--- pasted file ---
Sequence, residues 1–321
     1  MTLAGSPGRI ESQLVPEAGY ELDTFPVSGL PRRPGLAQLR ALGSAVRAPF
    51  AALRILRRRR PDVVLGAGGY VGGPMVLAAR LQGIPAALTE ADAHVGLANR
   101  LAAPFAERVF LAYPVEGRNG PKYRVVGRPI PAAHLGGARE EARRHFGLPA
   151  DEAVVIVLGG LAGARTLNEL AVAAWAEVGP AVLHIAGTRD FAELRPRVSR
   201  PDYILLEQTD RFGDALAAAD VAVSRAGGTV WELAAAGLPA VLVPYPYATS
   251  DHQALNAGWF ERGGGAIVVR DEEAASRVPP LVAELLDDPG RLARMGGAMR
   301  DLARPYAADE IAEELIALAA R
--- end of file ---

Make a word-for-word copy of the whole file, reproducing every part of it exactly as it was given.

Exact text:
Sequence, residues 1–321
     1  MTLAGSPGRI ESQLVPEAGY ELDTFPVSGL PRRPGLAQLR ALGSAVRAPF
    51  AALRILRRRR PDVVLGAGGY VGGPMVLAAR LQGIPAALTE ADAHVGLANR
   101  LAAPFAERVF LAYPVEGRNG PKYRVVGRPI PAAHLGGARE EARRHFGLPA
   151  DEAVVIVLGG LAGARTLNEL AVAAWAEVGP AVLHIAGTRD FAELRPRVSR
   201  PDYILLEQTD RFGDALAAAD VAVSRAGGTV WELAAAGLPA VLVPYPYATS
   251  DHQALNAGWF ERGGGAIVVR DEEAASRVPP LVAELLDDPG RLARMGGAMR
   301  DLARPYAADE IAEELIALAA R